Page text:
It was unclear on Friday evening whether Very’s board had formally appointed bankers to help advise on a potential listing plan, although one source said that UBS – which has advised the company in the past – was likely to be involved.

If the owners did decide to pursue a public listing, it would expose a Barclay-owned business to the glare of public equity markets for the first time, marking a significant departure for a family which has – despite the profile of the assets it owns – always sought to protect its privacy.

In addition to the Telegraph titles, the Barclays also own the logistics business Yodel.

Last year, the family sold London’s Ritz hotel following a bitter dispute between the twins over its valuation.

A legal battle involving allegations of corporate espionage may yet continue despite Sir David’s death.

Last year’s Sunday Times Rich List estimated that the brothers had amassed a combined fortune of about £7bn.

A flotation of Very Group would be a logical step for a business which, like many online retailers, has been among the big beneficiaries of the coronavirus pandemic.

While high street chains have invariably been struggling to stay afloat, Very reported this week what it described as a record-breaking Christmas and Black Friday trading performance.

The company is run by Henry Birch, a former boss of the casino operator Rank Group, and chaired by Aidan, one of Sir David’s sons.

In a trading update published this week, Mr Birch said the Christmas trading period had “started early at Very and our committed team worked tirelessly to deliver for our customers”.

“Because we sell everything our customers could possibly want except food, are online only and offer a range of payment options, we were perfectly placed to help a record number of people make the most of the festive period.”

The company said it had seen more than 500,000 new customers use the Very Group platform, with 139m website visits – a year-on-year rise of nearly 50%.

“Our record-breaking performance was supported by our new fulfilment centre, which processed 3.9m orders during peak; an incredible achievement for a facility that only launched in March this year, when the first national lockdown was announced,” Mr Birch added.

“While the economic picture remains unpredictable, we have strong momentum as we begin the year.”

Very Group last explored the possibility of bringing in external investors in 2017, when it held talks with a number of large private equity firms.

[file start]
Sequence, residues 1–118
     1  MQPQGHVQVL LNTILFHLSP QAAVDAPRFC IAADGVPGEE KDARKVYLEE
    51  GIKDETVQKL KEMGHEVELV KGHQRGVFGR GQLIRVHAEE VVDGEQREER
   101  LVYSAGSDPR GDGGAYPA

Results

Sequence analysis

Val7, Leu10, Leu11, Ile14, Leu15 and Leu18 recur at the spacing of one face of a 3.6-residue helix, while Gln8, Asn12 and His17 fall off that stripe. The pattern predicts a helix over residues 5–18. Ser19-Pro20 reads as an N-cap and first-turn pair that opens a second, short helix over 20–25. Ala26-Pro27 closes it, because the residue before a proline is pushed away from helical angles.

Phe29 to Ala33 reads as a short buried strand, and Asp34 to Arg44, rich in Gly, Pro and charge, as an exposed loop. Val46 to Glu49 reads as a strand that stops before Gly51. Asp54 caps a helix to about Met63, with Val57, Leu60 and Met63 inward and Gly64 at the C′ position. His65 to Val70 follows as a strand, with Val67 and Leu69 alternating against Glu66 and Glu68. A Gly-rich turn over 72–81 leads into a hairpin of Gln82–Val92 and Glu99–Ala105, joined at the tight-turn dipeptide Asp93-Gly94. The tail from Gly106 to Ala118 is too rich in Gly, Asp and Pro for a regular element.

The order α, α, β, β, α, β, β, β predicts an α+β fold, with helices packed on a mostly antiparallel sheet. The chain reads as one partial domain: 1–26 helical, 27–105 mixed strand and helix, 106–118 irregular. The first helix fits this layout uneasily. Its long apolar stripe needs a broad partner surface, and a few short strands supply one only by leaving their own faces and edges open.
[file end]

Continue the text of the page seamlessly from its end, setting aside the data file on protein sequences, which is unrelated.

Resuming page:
At the time, it sought a roughly-£3bn valuation for the business, which at the time was called Shop Direct, but ultimately decided not to pursue a sale.

A Very Group spokesman declined to comment on Friday.

Continue Reading

Business

ITV picks firm to screen successors to chairman Bazalgette | Business News

Published

on

ITV picks firm to screen successors to chairman Bazalgette | Business News

ITV is kicking off a search for a new chairman as Sir Peter Bazalgette prepares to step down next year after almost a decade on the broadcaster’s board.

Sky News has learnt that ITV‘s nominations committee, led by the former Jupiter Fund Management boss Edward Bonham Carter, has appointed Spencer Stuart to oversee the search.

Sir Peter, who has chaired the commercial television group since 2016, is not expected to leave until his term expires in May 2022.

In total, he will have served for nine years on ITV’s board, having been a non-executive director for three years prior to replacing Archie Norman.

Sir Peter, a former chief creative officer at the TV production company Endemol, is a respected figure both at ITV and in the wider broadcasting industry.

A number of the company’s leading shareholders are said to be disappointed that he has effectively been “timed out” by the corporate governance code, which stipulates that chairs are no longer deemed independent after nine years in total on a listed company’s board.

His successor as chair will inherit a company that, like many others, is grappling with rapid changes convulsing the media landscape.

ITV’s stock price has been hit by the coronavirus pandemic, with the company’s chief executive, Dame Carolyn McCall, revealing last summer that advertising revenue had been hit by the sharpest fall in its history.

During the last 12 months, shares in ITV have fallen by nearly a quarter, giving the company a market value of £4.37bn.

ITV declined to comment on the search for a new chairman.

Continue Reading

Trending